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Section 4.05.08: Universal Precautions

Universal precautions are guidelines that should be followed to help prevent the spread of infection. Follow these guidelines to protect yourself from infection. Hospitals, all health care facilities, and heath care workers use universal precautions to protect patients, themselves, and other health care workers from the spread of infectious diseases. Infectious diseases are caused by viruses, bacteria, parasites, and fungi. These organisms can be spread from person to person through:
· Blood and other secretions
· Droplets breathed, sneezed, or coughed out from the nose or mouth
· Skin to skin contact
· Sexual contact

Hand Washing
· Wash your hands immediately after you take gloves off
· If you get blood or body fluid on your hands or any other body surface, wash your hands and the exposed part of your body immediately and thoroughly
· Wash your hands immediately before and after each contact with an infected person
· Wash your hands before you eat and after you use the restroom

Guidelines for Sterilization or Disinfection
· Use chemical germicides registered with the Environmental Protection Agency for sterilization or disinfection
· Ask your health care provider or local health department what chemicals are safe for home use
· Use these chemicals only in the recommended concentrations and only with proper ventilation

The University of Michigan has developed comprehensive plans for
protecting the safety and well-being of our students, staff and faculty in the event of large-scale flu infections or any other major epidemic of an infectious disease. However, ordinary varieties of flu affect millions of people worldwide each year, and other infectious illnesses increase in frequency during the winter months. Individuals can take measures to help reduce the spread of illness.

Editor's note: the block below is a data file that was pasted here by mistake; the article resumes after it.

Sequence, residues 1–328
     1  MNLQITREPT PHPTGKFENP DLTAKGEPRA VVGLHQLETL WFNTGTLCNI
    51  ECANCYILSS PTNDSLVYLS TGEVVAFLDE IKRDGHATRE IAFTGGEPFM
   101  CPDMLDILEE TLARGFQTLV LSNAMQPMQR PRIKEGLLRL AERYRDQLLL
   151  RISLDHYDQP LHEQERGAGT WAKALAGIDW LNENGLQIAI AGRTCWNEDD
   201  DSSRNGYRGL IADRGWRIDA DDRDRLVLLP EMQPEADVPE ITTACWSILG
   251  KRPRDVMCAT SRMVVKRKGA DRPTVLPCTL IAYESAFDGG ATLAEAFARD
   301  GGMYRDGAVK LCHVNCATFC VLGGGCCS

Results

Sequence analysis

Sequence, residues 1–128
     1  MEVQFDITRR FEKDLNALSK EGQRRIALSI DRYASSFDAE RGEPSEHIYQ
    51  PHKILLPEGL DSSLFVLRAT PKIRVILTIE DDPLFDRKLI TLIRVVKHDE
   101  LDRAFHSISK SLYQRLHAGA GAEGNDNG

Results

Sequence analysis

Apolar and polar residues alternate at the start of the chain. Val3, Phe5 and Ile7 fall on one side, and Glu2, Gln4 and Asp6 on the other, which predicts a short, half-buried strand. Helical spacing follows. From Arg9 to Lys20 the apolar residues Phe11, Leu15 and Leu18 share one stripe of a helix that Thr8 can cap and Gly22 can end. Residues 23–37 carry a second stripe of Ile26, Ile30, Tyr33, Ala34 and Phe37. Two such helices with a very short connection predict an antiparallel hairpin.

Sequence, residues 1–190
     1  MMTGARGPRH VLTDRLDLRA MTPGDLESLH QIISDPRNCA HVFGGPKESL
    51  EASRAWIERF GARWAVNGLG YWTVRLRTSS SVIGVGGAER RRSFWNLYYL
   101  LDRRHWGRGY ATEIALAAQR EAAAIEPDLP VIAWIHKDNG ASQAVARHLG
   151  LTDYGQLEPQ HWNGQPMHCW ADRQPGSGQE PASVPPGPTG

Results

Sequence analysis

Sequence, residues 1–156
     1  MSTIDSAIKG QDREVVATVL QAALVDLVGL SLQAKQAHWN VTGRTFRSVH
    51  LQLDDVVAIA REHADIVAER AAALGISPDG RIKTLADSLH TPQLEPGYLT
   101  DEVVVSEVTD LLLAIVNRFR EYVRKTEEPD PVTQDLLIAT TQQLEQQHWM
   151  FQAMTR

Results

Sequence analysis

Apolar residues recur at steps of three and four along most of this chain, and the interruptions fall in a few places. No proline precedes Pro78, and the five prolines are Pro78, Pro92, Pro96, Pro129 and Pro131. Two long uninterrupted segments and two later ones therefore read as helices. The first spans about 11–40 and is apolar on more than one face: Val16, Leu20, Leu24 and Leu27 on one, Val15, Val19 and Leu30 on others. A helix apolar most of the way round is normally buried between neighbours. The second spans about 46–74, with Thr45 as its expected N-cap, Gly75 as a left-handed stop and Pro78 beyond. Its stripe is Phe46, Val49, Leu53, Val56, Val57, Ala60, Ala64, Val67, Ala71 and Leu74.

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Influenza (also called flu) is a viral infection of the nose, throat, trachea, and bronchi (air passages). Outbreaks of flu occur almost every year, usually in late fall and winter. Flu viruses cause more severe symptoms and can cause more severe medical problems than cold viruses. Older adults, people whose immune systems are impaired, and people with chronic medical problems are particularly at risk for more severe flu symptoms or complications. However, a pandemic outbreak of the flu in humans would be a severe global problem.
Three conditions must be met for a pandemic to start:
· A new influenza virus subtype must emerge for which there is little or no human immunity
· It must infect humans and cause illness
· It must spread easily and is sustainable (continue without interruption) among humans
The U.S. Center for Disease Control and Prevention’s definition of flu-like illness:
· A fever of 100.4 F or greater, plus a cough or sore throat
· Possibly other symptoms, include a runny nose, body aches, headaches, chills, fatigue, vomiting or diarrhea

Student Absences from Placement Due to Sickness:
If your student is experiencing flu symptoms on a day they are to report to field placement, they need to contact you (the Field Instructor) directly to alert you and discuss arrangements for their absence. The student is responsible for contacting the fieldwork site and Field Instructor directly if they become ill. Please be sure to share your fieldwork site's procedures and expectations with your student regarding the flu or other illness.

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